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Hades

Hades (hā´dēz), in Greek and Roman religion and mythology. 1 The ruler of the underworld: see Pluto. 2 The world of the dead, ruled by Pluto and Persephone, located either underground or in the far west beyond the inhabited regions. It was separated from the land of the living by the rivers Styx [hateful], Lethe [forgetfulness], Acheron [woeful], Phlegethon [fiery], and Cocytus [wailing]. The newly arrived dead were ferried across the Styx by the avaricious old ferryman Charon, whom they paid with the coin that was placed in their mouths when they were buried. Unauthorized spirits who tried to enter or leave Hades were challenged by the fearful dog Cerberus. The honey cake that the Greeks buried with the dead was intended to quiet him. All the dead drank of the river of forgetfulness. The judges of the dead—Minos, Aeacus, and Rhadamanthus—assigned to each soul its appropriate abode. The virtuous and the heroic were rewarded in the Elysian fields; wrongdoers were sent to Tartarus; and most wandered as dull shadows among fields of asphodel.

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Hades

Hades

Greek god of the underworld and of wealth, also identified with Pluto. Hades abducted Persephone (daughter of the corn goddess Demeter) and made her his wife. In his intimidating character as lord of death, Hades was mysterious and terrifying, but in his benign aspect he was the generous god of wealth. His attention could be secured by striking the ground, and he could be propitiated by an offering of a black-fleeced sheep.

Entrance to the domain of Hades was through the groves of Persephone, where the gates were guarded by the great dog Cerberus, who admitted visitors without difficulty but would not let them leave. After passing through the gate, one had several rivers to cross, including Lethe, the river of forgetfulness. For a small fee, the ferryman Charon would take the traveler across.

In later history, the domain of Hades became synonymous with hell, although Hades' domain was not referred to as a place of torment.

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"Hades." Encyclopedia of Occultism and Parapsychology. . Encyclopedia.com. 23 Aug. 2017 <http://www.encyclopedia.com>.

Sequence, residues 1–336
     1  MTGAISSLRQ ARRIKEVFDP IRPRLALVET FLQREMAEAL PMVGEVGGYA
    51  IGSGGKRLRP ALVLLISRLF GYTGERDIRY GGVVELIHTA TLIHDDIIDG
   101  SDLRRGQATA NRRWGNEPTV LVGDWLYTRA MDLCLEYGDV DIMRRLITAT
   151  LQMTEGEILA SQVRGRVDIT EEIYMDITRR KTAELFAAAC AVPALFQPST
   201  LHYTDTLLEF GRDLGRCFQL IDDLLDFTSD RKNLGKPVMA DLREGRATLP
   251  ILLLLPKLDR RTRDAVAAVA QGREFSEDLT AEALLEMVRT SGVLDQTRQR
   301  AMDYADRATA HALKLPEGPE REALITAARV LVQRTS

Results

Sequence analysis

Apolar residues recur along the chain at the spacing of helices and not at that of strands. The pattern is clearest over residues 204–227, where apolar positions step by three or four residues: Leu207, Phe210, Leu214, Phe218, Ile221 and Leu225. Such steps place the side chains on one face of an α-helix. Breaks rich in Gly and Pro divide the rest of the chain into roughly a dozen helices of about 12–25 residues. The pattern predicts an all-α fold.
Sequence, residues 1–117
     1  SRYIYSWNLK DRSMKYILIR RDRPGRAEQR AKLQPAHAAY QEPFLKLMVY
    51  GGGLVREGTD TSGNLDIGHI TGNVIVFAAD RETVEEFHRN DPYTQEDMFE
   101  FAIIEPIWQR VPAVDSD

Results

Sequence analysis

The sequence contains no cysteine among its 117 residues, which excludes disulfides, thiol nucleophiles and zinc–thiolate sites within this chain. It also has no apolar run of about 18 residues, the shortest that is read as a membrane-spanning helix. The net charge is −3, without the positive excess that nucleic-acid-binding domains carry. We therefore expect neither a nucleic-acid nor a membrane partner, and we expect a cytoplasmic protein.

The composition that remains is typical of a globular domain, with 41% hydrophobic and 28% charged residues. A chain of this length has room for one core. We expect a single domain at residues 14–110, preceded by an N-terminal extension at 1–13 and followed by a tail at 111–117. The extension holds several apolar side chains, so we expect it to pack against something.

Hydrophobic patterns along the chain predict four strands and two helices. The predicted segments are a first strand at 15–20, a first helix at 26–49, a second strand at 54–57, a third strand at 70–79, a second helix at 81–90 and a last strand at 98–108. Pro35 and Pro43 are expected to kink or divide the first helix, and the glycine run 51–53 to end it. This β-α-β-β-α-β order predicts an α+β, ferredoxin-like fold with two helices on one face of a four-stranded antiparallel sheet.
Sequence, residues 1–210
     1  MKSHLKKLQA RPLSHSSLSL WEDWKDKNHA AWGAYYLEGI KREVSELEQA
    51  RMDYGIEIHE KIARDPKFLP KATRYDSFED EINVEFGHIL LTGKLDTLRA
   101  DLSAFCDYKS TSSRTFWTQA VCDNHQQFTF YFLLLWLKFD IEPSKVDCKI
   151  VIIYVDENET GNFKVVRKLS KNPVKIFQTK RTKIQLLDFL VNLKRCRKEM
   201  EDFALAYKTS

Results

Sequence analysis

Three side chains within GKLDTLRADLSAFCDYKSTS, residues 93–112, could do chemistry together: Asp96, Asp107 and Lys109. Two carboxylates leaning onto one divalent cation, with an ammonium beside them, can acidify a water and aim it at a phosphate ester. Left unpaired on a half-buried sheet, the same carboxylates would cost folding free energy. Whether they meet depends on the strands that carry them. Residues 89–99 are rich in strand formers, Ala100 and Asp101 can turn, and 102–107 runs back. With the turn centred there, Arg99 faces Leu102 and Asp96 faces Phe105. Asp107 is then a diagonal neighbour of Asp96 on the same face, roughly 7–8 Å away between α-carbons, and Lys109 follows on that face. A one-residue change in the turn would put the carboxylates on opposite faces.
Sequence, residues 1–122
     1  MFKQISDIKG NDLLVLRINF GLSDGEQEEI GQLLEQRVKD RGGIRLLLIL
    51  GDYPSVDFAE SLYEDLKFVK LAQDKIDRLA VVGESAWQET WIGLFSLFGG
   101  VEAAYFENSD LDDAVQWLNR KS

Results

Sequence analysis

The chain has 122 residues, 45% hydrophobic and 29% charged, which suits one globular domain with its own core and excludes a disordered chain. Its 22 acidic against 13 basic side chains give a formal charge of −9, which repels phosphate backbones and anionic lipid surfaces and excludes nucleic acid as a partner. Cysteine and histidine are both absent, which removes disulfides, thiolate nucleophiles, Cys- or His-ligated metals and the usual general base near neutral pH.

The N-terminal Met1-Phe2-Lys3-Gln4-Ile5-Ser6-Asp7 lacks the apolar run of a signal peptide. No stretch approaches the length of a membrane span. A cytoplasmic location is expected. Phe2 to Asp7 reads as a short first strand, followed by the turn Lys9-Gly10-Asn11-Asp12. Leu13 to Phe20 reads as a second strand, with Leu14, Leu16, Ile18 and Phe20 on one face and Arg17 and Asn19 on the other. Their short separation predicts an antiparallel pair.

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Hades

Hades

In Greek mythology, Hades was the god of the underworld, the kingdom of the dead. (The Romans called him Pluto.) Although the name Hades is often used to indicate the underworld itself, it rightfully belongs only to the god, whose kingdom was known as the land of Hades or house of Hades.

Hades was the son of Cronus* and Rhea, two of the Titans who once ruled the universe. The Titans had other children, the gods Zeus* and Poseidon* and the goddesses Demeter*, Hera*, and Hestia. When Hades was born, Cronus swallowed him as he had swallowed his other children at birth. However, Zeus escaped this fate, and he tricked Cronus into taking a potion that made him vomit up Hades and his siblings.

Together these gods and goddesses rebelled against the Titans and seized power from them. After gaining control of the universe, Hades, Poseidon, and Zeus drew lots to divide it among themselves. Zeus gained control of the sky, Poseidon took the sea, and Hades received the underworld.


The Underworld Kingdom. The kingdom of the dead was divided into two regions. At the very bottom lay Tartarus, a land of terrible blackness where the wicked suffered eternal torments. Among those imprisoned there were the Titans, who were guarded by giants with a hundred arms. The other region of the underworld, Elysium or the Elysian Fields, was a place where the souls of good and righteous people went after death.

To reach Hades' kingdom, the dead had to cross the river Styx. A boatman named Charon ferried the dead across the river, while the monstrous Cerberus, a multiheaded dog with a serpent's tail, guarded the entrance to the underworld to prevent anyone from leaving. Four other rivers flowed through the underworld: Acheron